Home > Global Matters, India, Venture Capital / Private Equity > Objects in mirror are closer than they appear

Objects in mirror are closer than they appear

November 22, 2009 Leave a comment Go to comments

I happened to attend an interesting seminar on scaling local businesses into global successes organized by TiE Mumbai this week.  The session was led by Martin Haemmig of Stanford’s Graduate School of Business.  The professor has spent a lot of time in China and is now in India trying to indulge in fundamental research on entrepreneurship and venture capital investments in India.

Many visitors to India have pointed out to me, with Martin being the latest, that Indians seem obsessed with China.  Hardly a business plan or news article focused on growth is discussed in India without comparing the subject to similar situations in China.   Local news media dedicate a lot of bandwidth to talking about political, territorial and commercial insecurities infesting  Sino-Indian ties.   And yet — the Chinese do not talk too much about India, not in the same vein anyway.  They do not seem to bother with justifying their existence in the context of the aspirations of their southern neighbor, except to the extent that India is a large growing market for Chinese goods .

Personally, I am not surprised by this phenomenon.  The Chinese are singularly obsessed with the US and perhaps to a lesser extent, other leading OECD countries.   It is but human nature to be focused on the tail-lights in front of you rather than worrying about headlights in your mirrors.    Much like racecar drivers each of India and China is trying to make the most of the course to inch closer to or past the car in front.    India will be talking a lot about China for several years to come.   And if they get close enough, the Chinese will notice.

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  1. David Belchick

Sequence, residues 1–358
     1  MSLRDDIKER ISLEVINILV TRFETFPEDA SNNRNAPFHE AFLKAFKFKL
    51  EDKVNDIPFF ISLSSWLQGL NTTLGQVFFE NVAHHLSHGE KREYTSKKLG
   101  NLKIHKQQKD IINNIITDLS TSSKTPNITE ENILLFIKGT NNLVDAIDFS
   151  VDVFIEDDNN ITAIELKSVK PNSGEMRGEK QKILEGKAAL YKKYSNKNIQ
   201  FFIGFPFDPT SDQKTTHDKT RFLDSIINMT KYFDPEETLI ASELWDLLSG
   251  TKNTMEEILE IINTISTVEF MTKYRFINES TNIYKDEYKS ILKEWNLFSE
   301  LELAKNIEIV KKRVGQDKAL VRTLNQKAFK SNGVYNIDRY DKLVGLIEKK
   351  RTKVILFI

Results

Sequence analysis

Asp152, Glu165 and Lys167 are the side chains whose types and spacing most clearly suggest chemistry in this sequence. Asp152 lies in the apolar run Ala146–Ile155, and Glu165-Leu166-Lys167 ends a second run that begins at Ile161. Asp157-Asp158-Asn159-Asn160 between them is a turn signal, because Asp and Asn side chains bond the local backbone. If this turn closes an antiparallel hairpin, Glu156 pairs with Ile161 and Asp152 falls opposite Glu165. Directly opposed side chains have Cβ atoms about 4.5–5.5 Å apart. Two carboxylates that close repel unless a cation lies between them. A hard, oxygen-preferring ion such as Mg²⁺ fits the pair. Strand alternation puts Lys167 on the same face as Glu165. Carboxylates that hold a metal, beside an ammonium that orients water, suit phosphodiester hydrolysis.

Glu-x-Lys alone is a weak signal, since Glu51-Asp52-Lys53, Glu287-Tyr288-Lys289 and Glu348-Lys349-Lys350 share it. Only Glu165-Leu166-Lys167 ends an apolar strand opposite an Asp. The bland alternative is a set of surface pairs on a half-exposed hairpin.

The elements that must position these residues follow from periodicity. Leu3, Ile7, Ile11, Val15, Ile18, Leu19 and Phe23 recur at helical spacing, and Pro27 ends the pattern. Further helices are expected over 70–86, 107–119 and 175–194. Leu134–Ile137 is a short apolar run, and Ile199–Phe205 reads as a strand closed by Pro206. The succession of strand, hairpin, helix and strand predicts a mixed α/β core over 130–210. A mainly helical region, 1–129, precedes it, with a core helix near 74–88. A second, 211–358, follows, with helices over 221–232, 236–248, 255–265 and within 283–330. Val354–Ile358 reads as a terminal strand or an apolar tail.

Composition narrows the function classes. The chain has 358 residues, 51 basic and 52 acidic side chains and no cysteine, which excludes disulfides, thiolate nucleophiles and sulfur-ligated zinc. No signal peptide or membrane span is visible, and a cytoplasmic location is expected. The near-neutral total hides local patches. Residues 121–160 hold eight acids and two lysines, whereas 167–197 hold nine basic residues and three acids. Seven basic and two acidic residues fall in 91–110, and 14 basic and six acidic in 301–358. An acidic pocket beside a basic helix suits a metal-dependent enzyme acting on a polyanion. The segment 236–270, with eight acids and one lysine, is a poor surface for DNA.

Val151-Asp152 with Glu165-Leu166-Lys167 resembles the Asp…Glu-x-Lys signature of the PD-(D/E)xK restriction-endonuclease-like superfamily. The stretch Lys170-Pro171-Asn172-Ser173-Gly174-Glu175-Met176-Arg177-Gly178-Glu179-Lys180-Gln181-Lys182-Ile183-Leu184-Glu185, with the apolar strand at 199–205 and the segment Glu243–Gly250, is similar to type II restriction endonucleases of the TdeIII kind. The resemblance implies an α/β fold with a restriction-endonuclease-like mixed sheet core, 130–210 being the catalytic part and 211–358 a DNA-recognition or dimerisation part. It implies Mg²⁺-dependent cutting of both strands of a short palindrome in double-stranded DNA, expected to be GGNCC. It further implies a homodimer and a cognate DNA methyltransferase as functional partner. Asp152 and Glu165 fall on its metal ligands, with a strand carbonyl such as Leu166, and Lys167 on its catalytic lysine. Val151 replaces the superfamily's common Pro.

November 24, 2009 at 12:24 am

    Hi Shyam,

    Funny. In my provincial part of the planet, you could substitute “Red Sox” for “India” and “Yankees” for “China” and have the same discussion. On a more broader scale, I would be curious to see if this leads to a greater discussion about “focusing on ourselves” in India, since that is the only thing that can be controlled. If you can’t focus on yoursefl, you will spend too much time chasing fireflies. Sadly, to use my baseball anaology, the losers in all of this are the countries who are the equivalent of the Kansas City Royals. for the Royals, your only hope is to move a larger market or to a city that is offering you a better stadium deal-although the a developing country equivalent of the Roayls can’t move easily…

    Or, maybe the race with China will start radical, off-the-wall discussions like reintegrating the entire sub-continent to compete with China. I know that will never happen for any number of radical reasons, but, if you can’t catch your competitor in business, you have to find other ways to win like an unexpected M&A deal. However, I’ve now given away the plot to one of my book ideas. Since I have not had time to do anything lately, let alone consider writing, it might be a pipe dream. I even had the title picked out, “The Last Viceroy”.

    Thanks for keeping me informed.

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